Three words have the power to change the course of a woman's entire day: “You look tired.”
This seemingly harmless, yet over-used statement isn't malicious at the surface. However, what people fail to realize is that by telling someone how they look, you're making assumptions about their morning, their day or their life in general with no context or evidence to back up your haphazard claim. In fact, the most dangerous place to drop the “you look tired” bomb is at your place of work because it has the residual effect of making the other person question their appearance, work ethic and, simply put, their worth.
“You look tired” is a problematic statement because it is completely devoid of empathy, and what parades as concern ends up being read as judgment. Concerned people don't tell others how they look. They ask what the other person needs. That's the difference. Life happens outside of the office, and believe or not, the person you're speaking to also exists outside of the realm of this brief, yet catastrophic convo; they
Life happens outside of the office, and — believe or not — the person you're speaking to also exists outside of the realm of this brief, yet catastrophic convo. They actually may be tired. You don't know. However, making a brash and superfluous comment about their looks? I can guarantee that they don't feel any less tired after fake-smiling their way through this extremely awkward situation.
I recently wrote a piece on the positive effects of leaving makeup behind that inspired a few friends to try as well. Several ladies dropped the “experiment” within the first couple of days. Why? Not because they were unhappy, but because they were simply tired of people assuming they were exhausted — typically at their places of work — because they skipped the eye makeup or concealer. I witnessed gorgeous women being knocked down a couple pegs and forced back into their comfort zones because of these three words: "You look tired." It's unfair.
Keep in mind, if a woman — or anyone for that matter — looks “tired” by your standards, telling them while you shrug your shoulders and stroll off doesn't help. If you are truly concerned about the person's well-being here are some things you can say instead:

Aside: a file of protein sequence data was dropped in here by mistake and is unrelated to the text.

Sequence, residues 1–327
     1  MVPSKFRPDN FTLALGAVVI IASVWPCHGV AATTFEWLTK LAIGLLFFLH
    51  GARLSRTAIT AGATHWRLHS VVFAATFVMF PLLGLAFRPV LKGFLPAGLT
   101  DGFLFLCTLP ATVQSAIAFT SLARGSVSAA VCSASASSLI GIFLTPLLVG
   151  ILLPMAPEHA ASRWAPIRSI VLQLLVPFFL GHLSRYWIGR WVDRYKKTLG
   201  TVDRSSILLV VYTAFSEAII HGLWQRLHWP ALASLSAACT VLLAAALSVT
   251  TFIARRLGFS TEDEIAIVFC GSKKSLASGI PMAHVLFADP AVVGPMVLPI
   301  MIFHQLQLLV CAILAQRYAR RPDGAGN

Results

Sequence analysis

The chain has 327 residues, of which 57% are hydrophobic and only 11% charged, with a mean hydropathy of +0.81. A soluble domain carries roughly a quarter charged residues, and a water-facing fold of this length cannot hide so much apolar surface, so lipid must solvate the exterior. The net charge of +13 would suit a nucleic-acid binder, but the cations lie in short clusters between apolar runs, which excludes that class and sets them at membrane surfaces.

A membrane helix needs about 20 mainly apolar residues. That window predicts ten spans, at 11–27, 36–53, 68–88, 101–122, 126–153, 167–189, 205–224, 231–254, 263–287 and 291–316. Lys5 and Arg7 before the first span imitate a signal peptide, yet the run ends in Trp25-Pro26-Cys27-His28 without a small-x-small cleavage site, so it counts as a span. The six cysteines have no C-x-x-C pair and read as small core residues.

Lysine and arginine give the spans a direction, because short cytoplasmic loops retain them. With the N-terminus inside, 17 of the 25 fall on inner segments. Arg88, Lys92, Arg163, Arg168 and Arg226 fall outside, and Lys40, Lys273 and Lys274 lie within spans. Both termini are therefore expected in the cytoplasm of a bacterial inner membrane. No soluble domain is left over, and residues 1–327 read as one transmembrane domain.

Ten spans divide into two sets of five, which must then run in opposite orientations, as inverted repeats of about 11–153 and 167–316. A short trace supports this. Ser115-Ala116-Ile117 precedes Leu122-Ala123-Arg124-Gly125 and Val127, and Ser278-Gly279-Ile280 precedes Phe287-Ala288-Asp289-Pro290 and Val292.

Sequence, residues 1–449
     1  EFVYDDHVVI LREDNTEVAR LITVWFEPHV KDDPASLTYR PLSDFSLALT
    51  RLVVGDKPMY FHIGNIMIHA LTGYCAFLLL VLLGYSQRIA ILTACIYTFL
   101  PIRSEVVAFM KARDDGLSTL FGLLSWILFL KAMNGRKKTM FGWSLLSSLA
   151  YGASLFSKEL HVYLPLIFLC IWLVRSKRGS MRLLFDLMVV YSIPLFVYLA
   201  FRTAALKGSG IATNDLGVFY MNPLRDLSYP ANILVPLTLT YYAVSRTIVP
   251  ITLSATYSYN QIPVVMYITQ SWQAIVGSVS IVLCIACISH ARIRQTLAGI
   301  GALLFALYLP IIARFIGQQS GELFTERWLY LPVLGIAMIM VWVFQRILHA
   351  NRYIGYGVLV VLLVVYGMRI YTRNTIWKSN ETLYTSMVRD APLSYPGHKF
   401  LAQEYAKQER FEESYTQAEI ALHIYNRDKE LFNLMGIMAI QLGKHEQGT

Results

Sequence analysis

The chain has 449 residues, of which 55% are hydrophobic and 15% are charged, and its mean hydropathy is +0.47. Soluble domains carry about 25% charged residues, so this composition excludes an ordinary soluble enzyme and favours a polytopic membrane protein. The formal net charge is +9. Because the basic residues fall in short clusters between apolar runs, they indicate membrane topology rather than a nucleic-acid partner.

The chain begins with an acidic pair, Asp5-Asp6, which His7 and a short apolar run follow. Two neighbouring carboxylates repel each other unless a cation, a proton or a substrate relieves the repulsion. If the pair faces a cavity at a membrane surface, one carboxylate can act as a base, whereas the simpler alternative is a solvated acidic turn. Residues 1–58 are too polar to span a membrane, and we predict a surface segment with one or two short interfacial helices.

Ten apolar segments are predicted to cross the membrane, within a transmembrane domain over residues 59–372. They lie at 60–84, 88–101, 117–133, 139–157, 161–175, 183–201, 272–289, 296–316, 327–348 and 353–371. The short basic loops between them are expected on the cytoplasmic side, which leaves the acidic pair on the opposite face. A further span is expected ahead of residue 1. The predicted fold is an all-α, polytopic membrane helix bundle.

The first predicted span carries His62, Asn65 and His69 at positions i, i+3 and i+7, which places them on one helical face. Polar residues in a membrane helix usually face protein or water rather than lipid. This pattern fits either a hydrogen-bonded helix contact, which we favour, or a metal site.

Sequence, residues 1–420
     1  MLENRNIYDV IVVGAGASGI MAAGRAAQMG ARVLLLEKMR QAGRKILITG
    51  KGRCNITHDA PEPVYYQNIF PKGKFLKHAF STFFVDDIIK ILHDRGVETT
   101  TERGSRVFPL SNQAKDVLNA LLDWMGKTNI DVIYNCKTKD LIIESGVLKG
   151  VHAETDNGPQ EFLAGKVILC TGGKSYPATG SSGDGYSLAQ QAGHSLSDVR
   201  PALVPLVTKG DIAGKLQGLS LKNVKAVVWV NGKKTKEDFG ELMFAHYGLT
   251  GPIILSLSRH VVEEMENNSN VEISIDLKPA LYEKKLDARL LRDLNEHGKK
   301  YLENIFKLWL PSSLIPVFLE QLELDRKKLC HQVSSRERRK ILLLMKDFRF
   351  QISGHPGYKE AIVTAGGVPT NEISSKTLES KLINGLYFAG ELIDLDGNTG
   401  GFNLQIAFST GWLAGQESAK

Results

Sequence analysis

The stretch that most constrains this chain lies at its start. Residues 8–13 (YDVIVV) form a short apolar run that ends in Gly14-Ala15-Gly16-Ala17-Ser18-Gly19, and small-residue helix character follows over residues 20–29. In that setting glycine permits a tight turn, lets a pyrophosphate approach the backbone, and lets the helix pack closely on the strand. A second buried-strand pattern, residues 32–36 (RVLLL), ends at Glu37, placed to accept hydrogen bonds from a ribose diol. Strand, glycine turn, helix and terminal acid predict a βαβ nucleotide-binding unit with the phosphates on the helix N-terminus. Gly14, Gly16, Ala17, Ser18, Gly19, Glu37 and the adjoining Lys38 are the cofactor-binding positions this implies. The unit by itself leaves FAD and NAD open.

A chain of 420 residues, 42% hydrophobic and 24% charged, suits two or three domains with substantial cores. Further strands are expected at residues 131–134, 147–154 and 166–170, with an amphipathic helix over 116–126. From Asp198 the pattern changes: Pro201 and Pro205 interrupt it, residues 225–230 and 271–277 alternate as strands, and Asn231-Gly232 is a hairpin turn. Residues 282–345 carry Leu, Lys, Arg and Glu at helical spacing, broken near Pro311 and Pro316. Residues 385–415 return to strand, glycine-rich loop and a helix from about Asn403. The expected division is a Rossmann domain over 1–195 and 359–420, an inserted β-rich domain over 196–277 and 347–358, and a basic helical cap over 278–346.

1. “How are you feeling today?”
By asking instead of telling, you give them a chance to speak for themselves instead of imposing what you think you know.
2. “I've got a free moment. Is there anything I can help you tackle today?”
If the person is overworked and overwhelmed, this will be music to their ears.
3. “You look great today.”
Granted, it may be a white lie, but speaking positively is so valuable. You have no idea about the inner battles or struggles that they're going through.
4. “I'm going to get coffee. Do you want anything?”
This, my friends, is how progress is made. This is real empathy, free of judgment.
People push themselves to the limit all the time, and everyone has their reasons for doing so. They're aware that today, instead of spending 20 minutes perfecting their “cat-eye,” they opted to try a new meditation routine, or that they stayed up later than usual reading a new book that they simply couldn't put down. They know how they look without you telling them.
Think about the new moms, the graduate students, the entrepreneurs, the women doing their best with what they have, whether it's a 2-year-old tube of lipstick and some shimmery blue eye shadow or the finest beauty products around. Think about the women trying to give up wearing makeup for the first time, and ask yourself how you would feel if you felt your peers or co-workers were going to comment on your appearance randomly.
How would you feel if someone pointed out what you've been trying to minimize all morning? Maybe they are tired. So what? Hell, maybe they feel like Beyoncé! Unless you bring coffee, compliments or assistance, it's best to follow the golden rule: If you don't have anything nice to say, shut it.